Look No Further For Proof That Window Treatments Really Make A Room

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orange and navy dining room

Virginia Toledo took charge of the Inn’s dining room by balancing the sun-drenched space with rich, navy curtains and punchy orange trim work.

With the historic Cornell Inn in Lenox, Massachusetts, as the beautiful setting, the newly instated Kaleidoscope Project Designer Showhouse just wrapped its impressive talent display of 23 designers of color. The first of its kind in both mission (to celebrate diversity and inclusion in design) and scope (the designed spaces are now open for inn guests to enjoy), the project features rooms that ooze with decorating ideas left and right—namely, some strategic and clever uses of The Shade Store window treatments. Here, a highlight reel of just a handful of ways to approach the (sometimes tricky) world of window coverings.


blue and purple desk nook

There’s Magic in Monochrome

“A window treatment should add to the overall aesthetic of the space without overpowering it,” says designer Patti Carpenter. And we couldn’t agree more. Carpenter layers blueish-grays across the walls and windows to create an easy-on-the-eyes bedroom oasis.


neutral sitting area with accent tables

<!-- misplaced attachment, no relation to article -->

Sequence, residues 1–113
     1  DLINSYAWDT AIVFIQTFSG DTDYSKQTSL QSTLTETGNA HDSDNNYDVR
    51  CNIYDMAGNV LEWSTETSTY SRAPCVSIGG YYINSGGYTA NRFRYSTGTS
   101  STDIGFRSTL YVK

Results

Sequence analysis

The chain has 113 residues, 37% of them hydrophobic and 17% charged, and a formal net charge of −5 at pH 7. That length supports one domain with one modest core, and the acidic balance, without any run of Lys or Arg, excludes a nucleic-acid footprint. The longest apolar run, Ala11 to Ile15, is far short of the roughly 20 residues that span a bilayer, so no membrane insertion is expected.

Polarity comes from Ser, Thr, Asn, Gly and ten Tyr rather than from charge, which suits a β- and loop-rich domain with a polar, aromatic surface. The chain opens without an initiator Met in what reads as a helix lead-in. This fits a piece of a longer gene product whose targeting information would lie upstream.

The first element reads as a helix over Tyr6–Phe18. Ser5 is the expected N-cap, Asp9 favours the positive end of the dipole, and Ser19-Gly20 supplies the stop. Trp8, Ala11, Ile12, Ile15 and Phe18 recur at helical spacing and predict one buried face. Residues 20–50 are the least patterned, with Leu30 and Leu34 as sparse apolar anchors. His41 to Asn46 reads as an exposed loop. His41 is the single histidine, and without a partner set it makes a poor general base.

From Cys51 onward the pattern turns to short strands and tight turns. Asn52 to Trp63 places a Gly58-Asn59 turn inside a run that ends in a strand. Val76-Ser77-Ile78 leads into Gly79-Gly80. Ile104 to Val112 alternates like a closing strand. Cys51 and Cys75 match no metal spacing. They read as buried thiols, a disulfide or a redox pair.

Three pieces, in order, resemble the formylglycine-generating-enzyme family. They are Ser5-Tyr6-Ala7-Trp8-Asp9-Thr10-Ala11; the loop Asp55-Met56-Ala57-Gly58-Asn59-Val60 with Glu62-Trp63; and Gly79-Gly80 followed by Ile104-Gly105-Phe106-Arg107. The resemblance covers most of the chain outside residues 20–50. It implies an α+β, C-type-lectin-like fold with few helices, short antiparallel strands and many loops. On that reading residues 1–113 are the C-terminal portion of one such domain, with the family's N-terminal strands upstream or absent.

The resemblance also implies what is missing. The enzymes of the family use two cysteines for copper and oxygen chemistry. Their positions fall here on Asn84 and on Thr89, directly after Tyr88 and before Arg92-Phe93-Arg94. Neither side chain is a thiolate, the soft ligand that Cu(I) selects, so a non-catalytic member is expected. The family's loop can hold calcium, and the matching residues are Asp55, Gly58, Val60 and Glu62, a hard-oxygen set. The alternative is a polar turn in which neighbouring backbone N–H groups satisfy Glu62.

When In Doubt, Go Natural

The reasons why natural materials are (always) a smart choice are numerous, but timelessness and ease are at the top of the list. Everick Brown‘s design of the reception area includes the use of bamboo wood blinds that warmly filter natural light and also bring a new texture to the room.


blue floral bedroom with orange shades

Know When To Let A Shade Be The Star

Sometimes, you just have to go a bold. In Rydhima Brar‘s room, the drapes make a grand statement, adding an unexpected modern orange pop  next to blue floral walls.


teal and gray bedroom with accent chair

Layers Add Luxury

Together a roller shade, Roman shade and pleated drapes can turn any window a real focal point, as evident in Jennifer Owen‘s designed space. Her parting words of wisdom? “Window treatments become ‘artwork’ in a room; they set the stage for the entire space.”

PHOTOS COURTESY THE SHADE STORE